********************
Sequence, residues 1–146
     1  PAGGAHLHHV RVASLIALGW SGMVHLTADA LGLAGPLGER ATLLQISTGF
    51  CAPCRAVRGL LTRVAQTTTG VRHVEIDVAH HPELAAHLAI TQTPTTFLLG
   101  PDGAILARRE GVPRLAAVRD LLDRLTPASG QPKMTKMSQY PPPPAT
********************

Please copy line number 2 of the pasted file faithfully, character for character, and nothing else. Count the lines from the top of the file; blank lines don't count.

     1  PAGGAHLHHV RVASLIALGW SGMVHLTADA LGLAGPLGER ATLLQISTGF